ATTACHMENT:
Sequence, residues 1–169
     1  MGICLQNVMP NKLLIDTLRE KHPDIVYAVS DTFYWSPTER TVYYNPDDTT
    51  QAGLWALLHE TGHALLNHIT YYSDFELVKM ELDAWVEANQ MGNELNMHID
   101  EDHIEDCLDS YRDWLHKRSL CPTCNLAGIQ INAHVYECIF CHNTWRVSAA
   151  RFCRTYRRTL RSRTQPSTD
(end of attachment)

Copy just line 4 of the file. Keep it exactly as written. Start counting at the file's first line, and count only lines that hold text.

   101  EDHIEDCLDS YRDWLHKRSL CPTCNLAGIQ INAHVYECIF CHNTWRVSAA